While compliance officers are more confident in their firms’ use of new communications channels for business, including social media, they’re concerned about the retention and production of text messages, with most firms that allow their employees to conduct business via texts stating they have “minimal to no” confidence in their ability to produce such messages during a regulatory exam, according to a survey released Friday by Smarsh.
In its fifth annual report, Electronic Communications Compliance Survey, Smarsh found that of the 274 financial services compliance professionals polled, nearly three-quarters (72%) believe supervising the types of messages sent by their firm’s employees is critical to identify risk in their organization, up 13% from last year.
The compliance professionals polled hailed from the RIA, BD, insurance, hedge fund, private equity and banking industries.
Eighty-one percent said message supervision delivers “actionable insight” for the business, while 64% of respondents indicate responsibility for all non-compliance-related data production requests related to litigation, e-discovery and HR investigations.
“The oversight of electronic communications has evolved to become far more than the cursory, check-the-box review of email that existed years ago,” said Stephen Marsh, CEO and founder of Smarsh, in statement announcing the poll results. “Today, with more data points and better technology at their disposal, compliance teams are more empowered to identify risky communications and then mitigate potentially damaging issues before they become serious.”
Marsh added that with the compliance role now being “elevated in importance within an organization, convergence with IT and marketing initiatives is increasing,” with “compliance becoming an enabler of social media usage, and a key part of cybersecurity strategy.”
Sixty-six percent of those polled said that what concerned them most about cybersecurity was preparing for targeted regulatory exams or regulatory scrutiny, while 53% stated a big concern was having appropriate incident response planning in place and being prepared to respond to actual data breaches.
This year’s poll also found a greater use of social media and mobile engagement, with all of the “big three” social media channels — Facebook, Twitter and LinkedIn — being permitted for business communications at higher rates than last year.
For example, in 2011, just 39% of respondents allowed LinkedIn, compared with 72% today.
For the first time in five years, “new and emerging communications channels” were cited as a concern for fewer than half of the respondents.
Firms are not only permitting employees to communicate on business social media accounts, for instance corporate “company pages” — they’re allowing advisors to conduct business through personal social media accounts.
Eighty percent of firms that allow social channels allow employees to use personal LinkedIn accounts, and 63.5% allow personal Twitter accounts.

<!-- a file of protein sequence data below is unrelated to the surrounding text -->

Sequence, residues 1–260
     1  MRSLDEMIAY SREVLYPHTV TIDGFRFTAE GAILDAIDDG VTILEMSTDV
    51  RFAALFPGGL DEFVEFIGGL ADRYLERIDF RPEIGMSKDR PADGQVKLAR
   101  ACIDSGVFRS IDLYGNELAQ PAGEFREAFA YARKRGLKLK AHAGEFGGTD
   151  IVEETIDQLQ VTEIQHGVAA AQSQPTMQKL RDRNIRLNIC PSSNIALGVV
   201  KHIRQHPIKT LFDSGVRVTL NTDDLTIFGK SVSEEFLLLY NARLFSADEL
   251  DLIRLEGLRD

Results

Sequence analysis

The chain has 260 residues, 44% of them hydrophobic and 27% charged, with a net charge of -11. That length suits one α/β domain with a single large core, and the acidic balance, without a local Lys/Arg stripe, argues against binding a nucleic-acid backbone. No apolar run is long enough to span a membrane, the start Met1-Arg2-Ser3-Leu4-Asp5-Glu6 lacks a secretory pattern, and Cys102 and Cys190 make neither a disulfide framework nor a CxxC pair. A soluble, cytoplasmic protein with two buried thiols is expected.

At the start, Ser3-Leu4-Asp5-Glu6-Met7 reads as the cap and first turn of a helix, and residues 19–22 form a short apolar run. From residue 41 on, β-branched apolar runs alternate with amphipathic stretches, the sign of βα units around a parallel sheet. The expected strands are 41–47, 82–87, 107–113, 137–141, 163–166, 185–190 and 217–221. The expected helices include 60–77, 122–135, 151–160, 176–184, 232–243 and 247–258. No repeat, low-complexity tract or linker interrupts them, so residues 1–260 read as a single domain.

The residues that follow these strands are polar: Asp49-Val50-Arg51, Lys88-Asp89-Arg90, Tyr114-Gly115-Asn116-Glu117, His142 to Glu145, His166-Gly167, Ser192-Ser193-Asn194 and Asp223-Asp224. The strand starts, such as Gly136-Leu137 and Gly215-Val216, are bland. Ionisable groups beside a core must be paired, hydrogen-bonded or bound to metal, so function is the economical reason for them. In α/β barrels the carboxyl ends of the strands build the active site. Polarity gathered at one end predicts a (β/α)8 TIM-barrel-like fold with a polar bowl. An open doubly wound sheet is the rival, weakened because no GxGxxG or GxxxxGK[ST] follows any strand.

The poll notes that while the growth in policy and enforcement technology trends are moving “in the right direction, a compliance gap still remains,” as 39% of respondents that allow social channels do not have a solution in place to retain and supervise social media.
As to text messaging and use of mobile devices, firms allowing personal devices to be used for business communications have risen 17% from last year, with 73% of respondents stating they have a Bring Your Own Device (BYOD) policy.
While the rates of allowing text messages to be used for business communications and archiving continues to rise, the poll found that compliance officers “have significantly lower confidence” in their ability to produce text messages upon request compared with other types of electronic messaging.
As to exam preparation, the poll found that email remained the message type that was most requested during a regulatory exam at 77%, up 13% from 2014. Website pages, instant messages, Bloomberg or Reuters messages, social media and text messages round out the top six most requested types of messages.
Supervision activity reports (proof of supervision), disaster recovery or business continuity plan (DR/BCP) and written supervisory procedures remained the top three requested forms of related documentations, with requests for these materials on the rise in 2015 as well.
Also, with data production under the Financial Industry Regulatory Authority’s microscope this year, compliance officers stated that the No. 1 issue they face in producing data is managing the number of platforms used to retain and supervise such data.
A single platform to manage and supervise messages from various communications channels was reported by 83.2% as “important” to “critically important” when developing a comprehensive electronic messaging compliance program.
— Check out Best Finance Tweets of the Month: May 2015 on ThinkAdvisor.